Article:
Introduction: Anemia in children is a public health issue, and the current strategies include treatment and iron supplementation, but their level of adherence or compliance is unknown. Objective: To consider the adherence to multiple micronutrient powders and the associated factors. Methods: Epidemiological study of active surveillance through sentinel facilities in 2,024 children aged 6 to 35 months treated in health facilities of the Ministry of Health of Peru, from October to December 2014. Household visits were conducted in which counting of multiple micronutrient powders was applied and determined an adherence of consumption ≥ 90% envelopes, besides a form on the associated factors (anemia knowledge, iron-rich food, side effects, dosage regimen, drugs used, and motivation) was applied. Descriptive statistics, χ² test, Odds Ratio with a 95% confidence interval (CI), and binary logistic regression or adjusted Odds Ratio (aOR) were used. Results: Of all, 79.1% participants were aged 6 to 23 months; 75.9% received multiple micronutrient powders; and the adherence was equivalent to 24.4% (95%CI 22.3 – 26.6). The factors: continue supplementation (OR = 3.5; 95%CI 1.7 – 7.5); no nausea (OR = 3.0; 95%CI 2.0 – 4.3); no use of antibiotics (OR = 2.5; 95%CI 1.7 – 3.6); and intention to continue treatment (OR = 2.3; 95%CI 1.3 – 4.1) were associated with adherence. The variables: thought of continuing treatment (aOR = 2.6; 95%CI 1.1 – 6.1); presence of side effects, but no discontinuation of the treatment (aOR = 2.5; 95%CI 1.4 – 4.3); no use of antibiotics (aOR = 2.0; 95%CI 1.1 – 3.4); and belief that not only drugs cure anemia (aOR = 1.6; 95%CI 1.0 – 2.6) were associated in the multivariate analysis. Conclusion: There was a low prevalence of adherence to a demanding cut-off point (≥ 90% of envelopes of multiple micronutrient powders), and the associated factors are associated with absence of infections, side effects, and mother’s beliefs.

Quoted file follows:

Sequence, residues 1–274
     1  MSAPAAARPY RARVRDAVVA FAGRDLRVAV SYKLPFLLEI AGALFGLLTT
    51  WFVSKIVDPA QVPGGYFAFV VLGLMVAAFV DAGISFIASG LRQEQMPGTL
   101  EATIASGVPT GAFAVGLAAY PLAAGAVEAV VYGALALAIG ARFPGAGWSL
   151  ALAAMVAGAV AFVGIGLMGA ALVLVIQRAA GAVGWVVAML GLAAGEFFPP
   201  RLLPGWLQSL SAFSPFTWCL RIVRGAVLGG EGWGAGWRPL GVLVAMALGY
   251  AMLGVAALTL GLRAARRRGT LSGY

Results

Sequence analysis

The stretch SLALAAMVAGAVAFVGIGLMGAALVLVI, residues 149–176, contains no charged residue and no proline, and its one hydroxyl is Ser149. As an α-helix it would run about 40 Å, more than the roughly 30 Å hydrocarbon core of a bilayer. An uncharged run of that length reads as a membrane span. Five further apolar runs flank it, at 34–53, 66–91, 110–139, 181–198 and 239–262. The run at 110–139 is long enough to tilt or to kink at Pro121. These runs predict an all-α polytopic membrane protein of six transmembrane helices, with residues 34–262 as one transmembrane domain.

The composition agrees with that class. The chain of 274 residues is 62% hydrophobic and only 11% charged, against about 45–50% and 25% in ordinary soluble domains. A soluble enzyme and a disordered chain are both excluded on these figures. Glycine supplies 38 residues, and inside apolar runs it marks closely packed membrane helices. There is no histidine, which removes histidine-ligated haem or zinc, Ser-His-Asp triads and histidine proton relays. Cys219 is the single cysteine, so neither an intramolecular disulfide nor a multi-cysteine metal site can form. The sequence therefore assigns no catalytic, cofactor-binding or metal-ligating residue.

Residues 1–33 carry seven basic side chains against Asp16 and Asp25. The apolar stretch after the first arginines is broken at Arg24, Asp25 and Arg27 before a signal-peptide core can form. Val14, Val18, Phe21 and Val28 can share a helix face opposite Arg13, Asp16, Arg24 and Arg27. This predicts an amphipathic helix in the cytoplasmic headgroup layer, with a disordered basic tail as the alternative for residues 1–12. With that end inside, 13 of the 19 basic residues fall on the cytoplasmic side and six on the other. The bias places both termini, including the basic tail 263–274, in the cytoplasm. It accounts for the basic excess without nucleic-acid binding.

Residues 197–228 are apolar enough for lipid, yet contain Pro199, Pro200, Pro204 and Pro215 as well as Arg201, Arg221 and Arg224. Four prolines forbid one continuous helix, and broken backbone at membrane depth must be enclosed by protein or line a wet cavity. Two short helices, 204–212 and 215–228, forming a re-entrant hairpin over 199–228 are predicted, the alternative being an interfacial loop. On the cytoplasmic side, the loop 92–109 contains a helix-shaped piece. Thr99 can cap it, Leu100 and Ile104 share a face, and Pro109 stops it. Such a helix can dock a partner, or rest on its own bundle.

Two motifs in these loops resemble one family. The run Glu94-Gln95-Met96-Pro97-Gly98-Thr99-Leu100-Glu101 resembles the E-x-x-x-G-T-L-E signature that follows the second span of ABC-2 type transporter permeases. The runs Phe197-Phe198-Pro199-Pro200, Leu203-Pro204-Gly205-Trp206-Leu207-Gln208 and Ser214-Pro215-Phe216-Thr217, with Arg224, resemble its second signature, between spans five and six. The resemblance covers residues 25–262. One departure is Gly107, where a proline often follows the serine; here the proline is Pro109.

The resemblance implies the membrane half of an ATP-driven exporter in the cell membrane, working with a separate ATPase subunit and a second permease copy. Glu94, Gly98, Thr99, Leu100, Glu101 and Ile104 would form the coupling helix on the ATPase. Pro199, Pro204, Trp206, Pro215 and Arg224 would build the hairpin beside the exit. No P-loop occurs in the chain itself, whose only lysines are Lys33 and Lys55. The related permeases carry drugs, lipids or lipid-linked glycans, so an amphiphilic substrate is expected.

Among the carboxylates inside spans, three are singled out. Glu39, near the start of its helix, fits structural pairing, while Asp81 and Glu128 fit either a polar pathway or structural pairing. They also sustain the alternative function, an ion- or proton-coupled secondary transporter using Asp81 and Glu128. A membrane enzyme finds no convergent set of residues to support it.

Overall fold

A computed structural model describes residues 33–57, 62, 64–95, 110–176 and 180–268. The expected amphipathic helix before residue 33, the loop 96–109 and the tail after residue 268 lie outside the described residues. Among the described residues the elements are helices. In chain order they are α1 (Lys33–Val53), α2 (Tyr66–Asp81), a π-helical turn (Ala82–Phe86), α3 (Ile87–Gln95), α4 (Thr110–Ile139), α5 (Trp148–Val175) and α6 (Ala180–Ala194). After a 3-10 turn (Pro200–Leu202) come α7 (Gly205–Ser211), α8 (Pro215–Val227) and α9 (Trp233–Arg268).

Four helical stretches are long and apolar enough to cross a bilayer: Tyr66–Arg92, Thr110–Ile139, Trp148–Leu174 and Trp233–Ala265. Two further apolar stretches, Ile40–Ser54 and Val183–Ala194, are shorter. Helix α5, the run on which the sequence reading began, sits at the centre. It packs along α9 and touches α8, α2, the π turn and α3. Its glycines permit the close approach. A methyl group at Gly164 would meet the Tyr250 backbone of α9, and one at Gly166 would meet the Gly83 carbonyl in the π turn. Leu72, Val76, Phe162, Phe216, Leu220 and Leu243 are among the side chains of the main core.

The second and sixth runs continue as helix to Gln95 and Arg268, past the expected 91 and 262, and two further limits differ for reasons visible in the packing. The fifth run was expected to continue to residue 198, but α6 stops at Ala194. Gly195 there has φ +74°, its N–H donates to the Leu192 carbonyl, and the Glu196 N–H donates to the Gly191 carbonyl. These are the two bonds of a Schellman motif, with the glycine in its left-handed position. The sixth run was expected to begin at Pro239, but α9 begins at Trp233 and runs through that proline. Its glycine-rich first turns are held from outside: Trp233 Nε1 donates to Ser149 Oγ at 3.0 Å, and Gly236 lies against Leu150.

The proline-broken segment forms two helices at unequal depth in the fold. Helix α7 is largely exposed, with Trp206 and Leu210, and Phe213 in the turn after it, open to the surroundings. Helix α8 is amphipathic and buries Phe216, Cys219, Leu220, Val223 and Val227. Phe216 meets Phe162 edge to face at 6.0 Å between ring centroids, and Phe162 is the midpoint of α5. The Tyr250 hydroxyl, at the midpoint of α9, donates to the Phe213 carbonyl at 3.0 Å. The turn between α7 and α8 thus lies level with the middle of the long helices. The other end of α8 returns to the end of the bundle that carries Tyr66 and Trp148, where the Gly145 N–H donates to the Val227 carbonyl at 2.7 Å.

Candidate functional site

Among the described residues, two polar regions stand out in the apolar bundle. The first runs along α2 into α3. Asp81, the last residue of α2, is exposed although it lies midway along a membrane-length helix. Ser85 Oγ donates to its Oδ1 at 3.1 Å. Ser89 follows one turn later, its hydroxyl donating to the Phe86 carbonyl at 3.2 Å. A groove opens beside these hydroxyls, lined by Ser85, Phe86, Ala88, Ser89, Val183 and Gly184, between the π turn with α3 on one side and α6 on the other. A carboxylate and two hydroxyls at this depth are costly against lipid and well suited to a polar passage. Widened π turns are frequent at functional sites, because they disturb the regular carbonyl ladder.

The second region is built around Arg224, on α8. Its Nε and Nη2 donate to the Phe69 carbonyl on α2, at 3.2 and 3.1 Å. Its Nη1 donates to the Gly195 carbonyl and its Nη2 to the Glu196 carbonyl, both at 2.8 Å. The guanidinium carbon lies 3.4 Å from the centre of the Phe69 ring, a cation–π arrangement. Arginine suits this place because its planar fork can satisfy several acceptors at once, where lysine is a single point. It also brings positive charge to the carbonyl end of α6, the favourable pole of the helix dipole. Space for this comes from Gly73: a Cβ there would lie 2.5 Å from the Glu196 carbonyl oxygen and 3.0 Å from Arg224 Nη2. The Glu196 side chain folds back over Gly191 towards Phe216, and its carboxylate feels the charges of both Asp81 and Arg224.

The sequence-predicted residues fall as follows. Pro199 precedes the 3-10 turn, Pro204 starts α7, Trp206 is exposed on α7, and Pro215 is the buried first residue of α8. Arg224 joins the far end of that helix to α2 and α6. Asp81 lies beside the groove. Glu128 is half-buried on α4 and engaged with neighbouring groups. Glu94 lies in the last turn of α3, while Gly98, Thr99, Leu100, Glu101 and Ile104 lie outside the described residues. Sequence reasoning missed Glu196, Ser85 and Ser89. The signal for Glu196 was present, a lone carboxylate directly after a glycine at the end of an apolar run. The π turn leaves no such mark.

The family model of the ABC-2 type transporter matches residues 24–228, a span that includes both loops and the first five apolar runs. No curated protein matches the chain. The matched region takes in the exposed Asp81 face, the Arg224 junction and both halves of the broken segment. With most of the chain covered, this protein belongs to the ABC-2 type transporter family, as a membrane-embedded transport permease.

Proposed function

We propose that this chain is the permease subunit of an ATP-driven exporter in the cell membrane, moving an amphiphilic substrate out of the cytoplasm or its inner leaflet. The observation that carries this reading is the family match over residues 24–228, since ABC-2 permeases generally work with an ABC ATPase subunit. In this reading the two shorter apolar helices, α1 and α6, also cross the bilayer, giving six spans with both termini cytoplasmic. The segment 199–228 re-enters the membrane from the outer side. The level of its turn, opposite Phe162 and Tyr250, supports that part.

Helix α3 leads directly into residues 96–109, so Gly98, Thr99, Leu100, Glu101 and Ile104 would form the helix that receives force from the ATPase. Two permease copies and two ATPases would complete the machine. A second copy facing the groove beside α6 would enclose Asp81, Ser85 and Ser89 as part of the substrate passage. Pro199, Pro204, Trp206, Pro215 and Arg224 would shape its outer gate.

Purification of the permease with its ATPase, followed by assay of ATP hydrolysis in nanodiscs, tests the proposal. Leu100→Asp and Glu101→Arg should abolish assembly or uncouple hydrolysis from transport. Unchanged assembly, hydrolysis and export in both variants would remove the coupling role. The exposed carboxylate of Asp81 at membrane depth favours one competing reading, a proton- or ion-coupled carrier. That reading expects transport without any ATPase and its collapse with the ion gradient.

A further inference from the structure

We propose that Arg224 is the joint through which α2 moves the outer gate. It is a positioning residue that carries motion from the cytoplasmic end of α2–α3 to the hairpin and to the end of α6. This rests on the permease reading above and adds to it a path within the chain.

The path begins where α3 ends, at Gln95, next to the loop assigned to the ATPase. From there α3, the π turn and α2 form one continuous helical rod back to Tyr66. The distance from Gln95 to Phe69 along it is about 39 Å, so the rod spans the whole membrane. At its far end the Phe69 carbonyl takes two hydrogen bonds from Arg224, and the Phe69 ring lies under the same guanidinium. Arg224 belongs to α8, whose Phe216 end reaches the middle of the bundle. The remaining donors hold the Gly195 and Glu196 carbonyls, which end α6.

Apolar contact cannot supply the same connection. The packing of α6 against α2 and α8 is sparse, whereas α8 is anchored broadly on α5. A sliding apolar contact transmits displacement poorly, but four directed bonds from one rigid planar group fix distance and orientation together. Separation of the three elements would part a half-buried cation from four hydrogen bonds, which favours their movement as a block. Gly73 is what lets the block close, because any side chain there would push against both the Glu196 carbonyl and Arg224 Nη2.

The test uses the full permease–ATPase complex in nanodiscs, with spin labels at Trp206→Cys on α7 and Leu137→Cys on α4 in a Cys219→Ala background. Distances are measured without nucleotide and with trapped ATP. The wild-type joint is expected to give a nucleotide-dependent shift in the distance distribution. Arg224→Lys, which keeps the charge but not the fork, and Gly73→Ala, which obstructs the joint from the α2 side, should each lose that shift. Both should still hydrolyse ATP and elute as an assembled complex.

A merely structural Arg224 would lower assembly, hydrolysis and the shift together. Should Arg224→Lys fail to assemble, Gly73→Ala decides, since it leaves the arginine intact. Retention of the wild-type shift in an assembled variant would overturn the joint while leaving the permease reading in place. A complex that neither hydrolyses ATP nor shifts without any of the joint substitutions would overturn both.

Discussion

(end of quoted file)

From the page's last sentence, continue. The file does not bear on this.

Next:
|Translated title of the contribution||Adherence to multiple micronutrient powders and associated factors in children aged 6 to 35 months treated in sentinel health facilities, ministry of health of Peru|
|Number of pages||15|
|Journal||Revista Brasileira de Epidemiologia|
|State||Published - 1 Jul 2016|
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